12.4. Tracking Configuration Drift

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Much of the JBoss ON configuration management is designed around implementing changes for resources by editing configuration files or updating files and packages. But another aspect of managing configuration is detecting changes.
IT administrators must invest a significant amount of time planning the optimum configuration for systems in every type of environment, from production systems to internal resources. This ideal configuration includes file settings, software versions, and system settings. Resource configuration is going to change naturally over time, but administrators need to be able to track those changes to make sure that no unplanned or undesirable changes impact the resource. Defining a baseline configuration and tracking changes helps systems remain resilient during both maintenance and failures.
The unplanned changes that occur to a resource's configuration is called drift, as the configuration moves away from the designed baseline. Drift is common because of frequent software and hardware updates, particularly in a colocation facility or using virtual machines.
Production, staging, development, and recovery configurations are designed to have identical or near-identical configuration to maintain consistency. As the configurations within the different environments change, there emerges a configuration gap. Ultimately, this configuration gap can lead to disaster recovery failures or high availability failures because the configuration of the production system and the backup system are too different.
Drift monitoring provides a very general, freewheeling content monitoring. Rather than structured configuration management, drift monitoring tracks changes, any changes, in files — even binary files.
Configuration History v. Configuration Drift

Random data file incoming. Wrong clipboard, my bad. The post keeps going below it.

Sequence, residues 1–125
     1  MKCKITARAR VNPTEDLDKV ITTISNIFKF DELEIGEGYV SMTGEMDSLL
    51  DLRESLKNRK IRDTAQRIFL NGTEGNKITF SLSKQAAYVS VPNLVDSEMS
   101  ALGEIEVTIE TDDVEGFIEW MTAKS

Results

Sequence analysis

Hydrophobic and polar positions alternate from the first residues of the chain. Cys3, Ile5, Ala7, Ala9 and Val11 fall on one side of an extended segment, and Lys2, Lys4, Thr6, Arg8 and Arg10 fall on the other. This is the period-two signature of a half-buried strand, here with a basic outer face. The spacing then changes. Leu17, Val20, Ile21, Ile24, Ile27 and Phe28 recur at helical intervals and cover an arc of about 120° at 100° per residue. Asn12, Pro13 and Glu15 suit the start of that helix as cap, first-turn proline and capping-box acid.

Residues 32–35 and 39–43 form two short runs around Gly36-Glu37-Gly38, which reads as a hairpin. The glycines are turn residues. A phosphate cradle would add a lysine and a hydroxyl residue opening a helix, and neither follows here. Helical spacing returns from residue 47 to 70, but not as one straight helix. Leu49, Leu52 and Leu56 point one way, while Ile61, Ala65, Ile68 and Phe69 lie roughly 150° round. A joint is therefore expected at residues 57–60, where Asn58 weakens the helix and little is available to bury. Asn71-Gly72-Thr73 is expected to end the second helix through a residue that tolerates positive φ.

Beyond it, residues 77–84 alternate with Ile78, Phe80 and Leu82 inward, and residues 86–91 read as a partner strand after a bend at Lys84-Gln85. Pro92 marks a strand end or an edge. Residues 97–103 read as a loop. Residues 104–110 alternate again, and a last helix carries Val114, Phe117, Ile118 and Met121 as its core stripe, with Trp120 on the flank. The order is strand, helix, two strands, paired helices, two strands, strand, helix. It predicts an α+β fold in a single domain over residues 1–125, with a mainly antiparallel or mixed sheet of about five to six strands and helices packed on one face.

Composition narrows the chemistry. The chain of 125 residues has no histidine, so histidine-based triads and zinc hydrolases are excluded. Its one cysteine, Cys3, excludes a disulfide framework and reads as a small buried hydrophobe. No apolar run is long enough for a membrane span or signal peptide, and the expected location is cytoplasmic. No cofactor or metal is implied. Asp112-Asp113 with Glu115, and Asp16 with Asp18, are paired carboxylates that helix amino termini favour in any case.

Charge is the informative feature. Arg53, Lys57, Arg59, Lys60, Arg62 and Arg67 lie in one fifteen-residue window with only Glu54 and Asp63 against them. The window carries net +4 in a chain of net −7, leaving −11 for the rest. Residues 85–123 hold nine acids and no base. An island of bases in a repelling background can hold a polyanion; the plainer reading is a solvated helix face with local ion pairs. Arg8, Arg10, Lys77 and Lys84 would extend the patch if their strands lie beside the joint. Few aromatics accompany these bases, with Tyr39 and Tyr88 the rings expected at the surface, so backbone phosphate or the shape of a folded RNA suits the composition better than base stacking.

The configuration history for a resource applies only to the supported configuration properties for that specific resource instance.
Drift management has a much more external view of configuration changes. Drift is associated with a resource — like a platform or a JBoss server — but it is not restricted to that resource or to set properties for that resource:
  • Drift looks at whole files within a directory, including added and deleted files and binary files.
  • Drift supports user-defined templates which can be applied to any resource which supports drift monitoring.
  • Drift can keep a running history of changes where each changeset (snapshot) is compared against the previous set of changes. Alternatively, JBoss ON can compare each change against a defined baseline snapshot.
The drift definition that is essentially a profile that identifies a directory and files that should be monitored. Any time there is any change in that drift base directory or any of its subdirectories — file modifications, new files, or deleted files — the drift detection scan notices the change and records it.
Drift detection can be used by administrators to track scheduled changes, maintenance and updates, and server changes. There are a lot of common scenarios where administrators need to be aware that change has occurred (and even be able to identify the specific changes made), but that occur in areas outside normal JBoss ON configuration tracking:
  • System password changes
  • System ACL changes
  • Database and server URL changes
  • JBoss settings changes
  • Changed JAR, WAR, and other binary files used by applications
  • Script changes
Drift is not bound or restricted to a resource managed by JBoss ON. You can create a drift definition for a platform and set it to monitor any file or directory on that platform, even if it is outside the JBoss ON inventory, as long as that directory is accessible to the system user that the JBoss ON agent runs as.
Managing configuration drift is described more in Chapter 15, Managing Configuration Drift.
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